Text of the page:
A group of scientists are claiming to have finally figured out how marine mammals hold their breath for such incredibly long times. It seems the culprit is a special sort of oxygen-storing protein that in the rest of the mammal word gets too "sticky" to be of much use. In marine mammals, an adaptation allows this protein to leverage muscles as a kind of "oxygen battery."
Those crazy scientists are at it again, playing with super-cold atoms and making them lean back and forth. Supposedly it all could have applications in super computing, but I think it's mostly just them mucking about with lasers. Not that there's anything wrong with that.
A frog species recently declared extinct has instead proved simply be living in a really awful neck of the woods. Living in a miserable place does seem to be a pretty effective strategy at keeping humans at bay.
A new, wide-ranging study of fossil teeth is providing new insight into how our ancestors transitioned from forests to grasslands as their primary habitat. While the article makes it sound like this is all very new information, the transition from woodland to savannah has been widely acknowledged since at least the 1980s. What this mainly seems to have done is refine the timeline, give greater information on how many species were out there at any given time, and exactly what they ate.
A new study that combines engineering, anatomy, and CGI simulations has discovered that the dinosaur Allosaurus ate things in a way quite different than the younger, more famous T. Rex. In fact, its technique seems to most closely resemble that of modern small falcons. Birds of a... what am I saying? Dinosaurs are weird!
A new study on cut marks has pushed the date humans started throwing spears back to 90,000 years. Cut mark studies have been around a long time. I remember them back when I was an undergrad in the mid-80s. You'd think someone would've thought to do this sooner, but I guess not. At any rate, now that they know what to look for, I'll be the date gets pushed back even further as new finds come to light.
Scientists have announced the discovery of the oldest known fossils of both apes and monkeys. The finds date to about 25 million years ago, which puts them much closer to the predicted split between the two genera than anything else found to-date. The fossils themselves aren't much... a jaw fragment and a single tooth. However, now that they know where to look for these sorts of fossils, I'll bet there will be better finds on the way.
A new fossil study has revealed that even our oldest relatives had ears that resembled ours. No, not the fleshy bits on the outside, but apparently one (and only one) of the three ear bones quite strongly resembled our own. No, I don't know what it really means, either. I guess we'll get the answer file when they get their grant renewed.
A carnivorous relative of the tomato seems to be the most genetically "pure" living thing found to-date. In other news, the common tomato has a carnivorous cousin. Can Attack of the Killer Humped Bladderwort be far behind? I think not!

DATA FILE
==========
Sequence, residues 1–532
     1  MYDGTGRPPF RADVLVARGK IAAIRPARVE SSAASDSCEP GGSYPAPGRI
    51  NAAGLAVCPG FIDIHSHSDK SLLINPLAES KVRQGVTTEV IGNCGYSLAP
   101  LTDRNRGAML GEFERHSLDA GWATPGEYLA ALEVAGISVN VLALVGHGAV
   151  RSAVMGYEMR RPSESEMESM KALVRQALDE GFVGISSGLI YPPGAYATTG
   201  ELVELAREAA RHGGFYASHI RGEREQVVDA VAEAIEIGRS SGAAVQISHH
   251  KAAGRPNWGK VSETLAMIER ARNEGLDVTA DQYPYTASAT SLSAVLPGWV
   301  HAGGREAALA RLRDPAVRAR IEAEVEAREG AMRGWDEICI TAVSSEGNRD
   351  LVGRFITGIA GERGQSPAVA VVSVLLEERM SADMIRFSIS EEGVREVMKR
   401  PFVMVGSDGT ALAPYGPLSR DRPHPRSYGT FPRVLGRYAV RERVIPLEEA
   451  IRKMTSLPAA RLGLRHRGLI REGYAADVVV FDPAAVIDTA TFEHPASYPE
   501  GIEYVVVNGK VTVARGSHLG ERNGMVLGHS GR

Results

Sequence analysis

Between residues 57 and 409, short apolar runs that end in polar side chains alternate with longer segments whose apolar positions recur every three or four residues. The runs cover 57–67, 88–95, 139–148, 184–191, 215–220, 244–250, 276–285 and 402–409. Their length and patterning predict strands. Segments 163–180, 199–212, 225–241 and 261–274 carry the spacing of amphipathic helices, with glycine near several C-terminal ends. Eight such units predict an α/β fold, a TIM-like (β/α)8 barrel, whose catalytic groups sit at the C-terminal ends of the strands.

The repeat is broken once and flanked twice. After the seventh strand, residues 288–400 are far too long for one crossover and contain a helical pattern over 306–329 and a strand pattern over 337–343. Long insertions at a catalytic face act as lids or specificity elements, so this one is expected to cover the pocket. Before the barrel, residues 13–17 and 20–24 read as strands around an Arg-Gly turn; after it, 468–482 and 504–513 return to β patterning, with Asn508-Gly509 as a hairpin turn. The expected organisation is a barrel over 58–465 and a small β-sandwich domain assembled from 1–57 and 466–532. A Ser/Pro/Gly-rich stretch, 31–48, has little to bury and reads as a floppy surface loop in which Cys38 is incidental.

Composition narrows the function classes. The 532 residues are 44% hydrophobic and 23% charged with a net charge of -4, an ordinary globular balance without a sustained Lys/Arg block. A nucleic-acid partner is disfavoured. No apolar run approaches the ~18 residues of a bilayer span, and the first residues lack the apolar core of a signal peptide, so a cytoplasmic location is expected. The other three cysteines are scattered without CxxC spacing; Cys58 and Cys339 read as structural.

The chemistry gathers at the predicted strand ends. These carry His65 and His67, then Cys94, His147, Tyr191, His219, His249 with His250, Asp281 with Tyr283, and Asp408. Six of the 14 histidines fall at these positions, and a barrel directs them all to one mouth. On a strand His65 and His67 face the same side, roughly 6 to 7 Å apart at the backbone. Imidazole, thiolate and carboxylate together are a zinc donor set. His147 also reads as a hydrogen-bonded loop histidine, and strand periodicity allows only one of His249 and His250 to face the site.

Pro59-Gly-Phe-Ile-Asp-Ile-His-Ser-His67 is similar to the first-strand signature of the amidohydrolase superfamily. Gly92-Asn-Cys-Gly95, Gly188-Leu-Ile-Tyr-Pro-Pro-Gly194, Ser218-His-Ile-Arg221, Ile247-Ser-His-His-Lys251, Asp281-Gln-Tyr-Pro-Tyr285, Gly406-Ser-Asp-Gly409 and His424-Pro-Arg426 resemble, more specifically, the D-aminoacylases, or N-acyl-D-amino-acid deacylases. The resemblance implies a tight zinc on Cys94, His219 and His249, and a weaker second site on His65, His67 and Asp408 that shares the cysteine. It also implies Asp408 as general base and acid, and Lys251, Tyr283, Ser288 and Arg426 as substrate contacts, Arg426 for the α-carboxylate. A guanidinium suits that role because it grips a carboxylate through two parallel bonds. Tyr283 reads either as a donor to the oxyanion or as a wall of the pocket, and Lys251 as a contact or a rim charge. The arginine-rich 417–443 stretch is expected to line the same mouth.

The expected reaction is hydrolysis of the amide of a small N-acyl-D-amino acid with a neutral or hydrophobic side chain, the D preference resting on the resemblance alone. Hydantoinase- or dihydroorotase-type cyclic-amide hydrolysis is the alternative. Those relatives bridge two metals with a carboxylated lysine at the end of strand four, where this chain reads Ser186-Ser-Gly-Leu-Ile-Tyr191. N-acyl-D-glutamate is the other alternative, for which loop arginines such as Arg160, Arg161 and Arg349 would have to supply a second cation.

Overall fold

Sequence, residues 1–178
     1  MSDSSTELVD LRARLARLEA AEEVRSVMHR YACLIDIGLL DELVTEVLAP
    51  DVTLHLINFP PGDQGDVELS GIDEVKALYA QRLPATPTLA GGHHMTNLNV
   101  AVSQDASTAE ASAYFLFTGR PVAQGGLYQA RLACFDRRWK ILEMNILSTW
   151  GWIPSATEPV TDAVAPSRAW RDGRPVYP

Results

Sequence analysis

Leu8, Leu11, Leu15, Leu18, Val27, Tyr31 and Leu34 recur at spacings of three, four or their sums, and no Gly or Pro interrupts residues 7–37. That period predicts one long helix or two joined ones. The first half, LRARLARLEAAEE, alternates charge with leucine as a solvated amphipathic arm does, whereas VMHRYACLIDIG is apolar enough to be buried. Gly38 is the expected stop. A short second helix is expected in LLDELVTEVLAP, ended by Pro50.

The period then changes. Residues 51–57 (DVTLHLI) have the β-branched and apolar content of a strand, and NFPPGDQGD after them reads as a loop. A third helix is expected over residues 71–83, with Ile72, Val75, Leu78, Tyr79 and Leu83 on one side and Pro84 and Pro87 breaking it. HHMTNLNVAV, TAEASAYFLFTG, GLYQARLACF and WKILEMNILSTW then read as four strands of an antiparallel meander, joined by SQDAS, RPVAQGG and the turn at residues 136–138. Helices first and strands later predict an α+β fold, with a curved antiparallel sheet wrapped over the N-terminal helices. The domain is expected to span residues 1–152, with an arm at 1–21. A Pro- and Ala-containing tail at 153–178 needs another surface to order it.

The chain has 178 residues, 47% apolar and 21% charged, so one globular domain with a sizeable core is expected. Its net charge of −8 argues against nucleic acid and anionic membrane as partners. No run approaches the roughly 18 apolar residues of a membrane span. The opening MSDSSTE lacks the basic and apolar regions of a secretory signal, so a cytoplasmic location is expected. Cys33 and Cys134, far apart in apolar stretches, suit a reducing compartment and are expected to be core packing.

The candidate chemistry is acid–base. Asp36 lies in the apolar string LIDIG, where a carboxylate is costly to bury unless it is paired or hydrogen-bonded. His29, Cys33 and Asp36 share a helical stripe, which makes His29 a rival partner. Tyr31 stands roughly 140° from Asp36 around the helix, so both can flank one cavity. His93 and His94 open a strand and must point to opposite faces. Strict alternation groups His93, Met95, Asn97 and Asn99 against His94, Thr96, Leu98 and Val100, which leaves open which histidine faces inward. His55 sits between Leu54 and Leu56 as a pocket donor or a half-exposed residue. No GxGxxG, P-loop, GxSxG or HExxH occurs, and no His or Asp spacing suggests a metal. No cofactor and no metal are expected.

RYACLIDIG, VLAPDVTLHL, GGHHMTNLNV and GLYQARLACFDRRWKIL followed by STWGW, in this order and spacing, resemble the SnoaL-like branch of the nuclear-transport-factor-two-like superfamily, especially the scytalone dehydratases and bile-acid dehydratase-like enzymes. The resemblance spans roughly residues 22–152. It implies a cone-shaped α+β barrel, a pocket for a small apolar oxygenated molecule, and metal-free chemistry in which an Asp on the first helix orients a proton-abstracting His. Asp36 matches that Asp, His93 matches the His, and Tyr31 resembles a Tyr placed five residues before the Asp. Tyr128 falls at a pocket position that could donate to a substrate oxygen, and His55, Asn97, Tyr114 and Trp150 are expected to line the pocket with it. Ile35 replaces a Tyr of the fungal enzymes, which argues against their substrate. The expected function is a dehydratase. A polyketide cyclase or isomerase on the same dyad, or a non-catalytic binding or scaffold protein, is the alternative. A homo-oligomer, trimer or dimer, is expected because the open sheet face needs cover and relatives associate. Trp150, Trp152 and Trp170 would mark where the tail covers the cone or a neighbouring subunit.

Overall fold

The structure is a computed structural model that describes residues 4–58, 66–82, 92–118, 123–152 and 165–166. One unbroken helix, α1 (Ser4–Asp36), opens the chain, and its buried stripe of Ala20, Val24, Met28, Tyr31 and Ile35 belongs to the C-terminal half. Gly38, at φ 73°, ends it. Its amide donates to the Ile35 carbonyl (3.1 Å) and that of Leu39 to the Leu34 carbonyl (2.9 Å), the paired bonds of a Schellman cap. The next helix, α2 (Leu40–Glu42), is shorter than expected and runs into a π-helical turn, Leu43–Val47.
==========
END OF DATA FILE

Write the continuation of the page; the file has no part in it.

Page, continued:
It seems the effort to grow meat in a vat has taken another step forward. Cattle take up a lot of space, and the whole business of the slaughterhouse makes me a bit queasy. If this ends up costing, say, .00001% of what it costs now, hell I might even try it.
Most theories of the origin of the universe predict an equal amount of matter and antimatter was created. Explaining why it all didn't annihilate itself the very next instant just went all pear-shaped. Particle physics is, like, you know, hard and stuff. I'll take their word for it.
Scientists using a new deep-diving submersible are claiming to have found an original piece of the long-lost continent, Pangaea. Which is a little strange to me. Just about any rocks that have, say, dinosaur fossils pretty much must be from Pangaea, right? Maybe I'm missing something. That's usually the case.
A British historian is claiming to have discovered the actual location of the hanging gardens of Babylon. If they're right, it should more properly be called "the hanging gardens of Assyria." Relying on new translations of old sources can be problematic, but it's not like this is the only person in the world who can translate that stuff. Someone else can take a close look, too.
A new study has found at least some evidence that sucking on your kid's pacifier can provide substantial protection against allergies and asthma. The findings are, of course, controversial and even the authors admit it's not conclusive. We would do this occasionally when Olivia was little, and she is mostly allergy-free. Of course, that could also have something to do with growing up in her very own petting zoo, so even we can't provide even anecdotal support for any of this.
Scientists have found clear physical evidence of cannibalism in England's first permanent settlement in the New World. And, if the reconstruction is accurate, they had pretty good taste, indeed.
Thank you, thank you. I'll be here all week!
A group of scientists has finally figured out a way to test whether or not a specific crystal formation vibrates through time instead of space. The "my little physicist" explanation seems to be: there's a mathematical construct that, if it can be built in the form of a crystal, will vibrate without expending energy or ever winding down. I think. Sounds cool, especially now that they can test it.